Stilwell’s star dimmed a little after the war; he was one of many blamed for having “lost” China, apparently because of his hostility to Chiang rather than any displayed fondness for Mao. While the McCarthy Era has been oversold as the American equivalent of the rise of the Third Reich, it is well to remember that there were people just as crazy as any Birthers or Truthers; General Claire Chennault testified before Congress in 1952 that Stilwell had planned to seize control of the 10th Army while on the way to invade Japan, divert it south to the China coast, distribute arms and equipment to waiting communists, and march on Shanghai. Nobody seems to have told Chennault he had no sense of decency, either.
Tuchman is definitely warm to her subject, despite the fact that their political views were probably opposite. She plays with “what if” a little, but only by suggestion (and, in fact, all the possibilities were explored, at least cursorily, during the war). What if the US had let the Japanese have a free hand in China in 1937? What if the US had just abandoned China during the war? What if the US had shifted support to the Communists rather than the KMT? I can see problems and possibilities with all these courses; it’s disappointing that Tuchman doesn’t speculate more.
All of Tuchman’s books are well worth reading. Stilwell does get bogged down in the middle when there’s a lot of politics and not much action; of course, that’s sort of the story of the CBI theater. There are maps; unfortunately my edition is a mass-market paperback and they’re hard to read; I’m sure they would have been better in a larger format and on coated paper. The reform of official Chinese romanization means that none of the personal or geographic names used by Tuchman are still spelled that way; this is a handicap, since there are necessarily a lot of them. The index is excellent, and the bibliography is extensive; there are endnotes, but they are not numbered in the text. There are more recent works on the CBI but nothing that I’ve read fundamentally changes anything Tuchman says; thus this is still an excellent history.
The biography is especially valuable regarding the management and subtle power plays of client rulers. Stilwell as US emissary was flatterred, challenged, ignored, played and frustrated by China's homegrown dictator Chiang Kai-Shek (codenamed "peanut" by Stilwell). The negative influence of US domestic politics on a consistent foreign policy is also highlighted by Tuchman who is a master in writing history books (here: WWII) as a commentary on current affairs (here: the Vietnam War).
With reference to Vietnam, I was staggered by the similarities between US involvement with Chaing KS and Diem 20 years later and would love this to have been discussed in this book.
The writing style is engaging and often very humorous owing to the cantankerous nature of the main protagonist. I particularly enjoyed Stillwell's constant references to CKS as 'the Peanut'. Good as it is, it does not touch on the ensuing civil war and the Kuomintang exile to Formosa - Mao is barely mentioned at all.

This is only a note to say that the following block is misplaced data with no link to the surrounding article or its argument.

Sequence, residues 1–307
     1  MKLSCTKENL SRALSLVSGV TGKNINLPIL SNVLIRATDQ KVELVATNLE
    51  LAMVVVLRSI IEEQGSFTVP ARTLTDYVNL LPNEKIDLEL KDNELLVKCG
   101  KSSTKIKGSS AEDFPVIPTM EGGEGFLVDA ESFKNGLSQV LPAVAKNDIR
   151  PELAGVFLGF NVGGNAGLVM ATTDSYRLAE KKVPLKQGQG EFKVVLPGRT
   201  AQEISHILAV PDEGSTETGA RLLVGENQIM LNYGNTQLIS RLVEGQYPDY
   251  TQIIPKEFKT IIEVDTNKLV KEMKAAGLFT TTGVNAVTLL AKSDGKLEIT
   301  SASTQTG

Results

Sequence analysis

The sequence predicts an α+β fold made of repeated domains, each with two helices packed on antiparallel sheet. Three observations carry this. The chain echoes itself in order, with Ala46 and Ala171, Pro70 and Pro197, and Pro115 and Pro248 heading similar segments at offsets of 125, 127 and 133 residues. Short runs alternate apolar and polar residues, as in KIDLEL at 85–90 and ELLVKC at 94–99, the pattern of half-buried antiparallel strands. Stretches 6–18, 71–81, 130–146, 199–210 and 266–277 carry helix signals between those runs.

I wish I had read this before trying to understand US involvement in Korea, the debacle of McCarthyism and the ultimate disaster of Vietnam - all of which can be seen as a continuum from US involvement with the Peanut.
His main goal was to reopen the Burma Road to give a land supply route to China. Towards the end of the war, he began a campaign to do that. He was successful in his offensive, but was recalled to Washington, at Chiang's insistence, before finishing the job. His success to that point allowed the air supply of China a much easier route than directly over "the Hump".
Tuchman's view of Stilwell is extremely sympathetic. She acknowledges that he lacked tact, but gives him the benefit of the doubt in all other areas. She puts his sense of duty and honor above all else. For example, when he performs poorly in a meeting with Roosevelt, she suggests that he refused to self-promote. She routinely comments on how he accomplished so much with so little, particularly in regards to the Burma campaign. She also credits him with understanding the situation in China better than most at the time. His predictions of Chiang's collapse would soon be proven out, although he would not live to see it.
She concludes that Stilwell was fighting a war to modernize the Chinese military when the Chinese didn't want it. Much like the US attempt to modernize China was doomed to failure without strong Chinese support, Stilwell's agenda could gain no traction if it was imposed from the outside.
This is a great book. It is easy to read and you won't find more information on Stilwell and China anywhere. Take her depiction of Stilwell with a grain of salt, but otherwise this is a must read for US-China historians or historians of the Pacific War. Tuchman's writing style is to smooth that it will appeal to a lot of non-historians as well.
Nobody really comes out well except George Sitwell, an irascible, upright person who obviously had the best interests of China at heart but was unable to carry with him either the American administration nor the wily Chiang.
The Chinese were not galvanized into action, and didn't share America's goals for them anyway.
Unfortunately, she passed away before I ran out of vacations. Alas.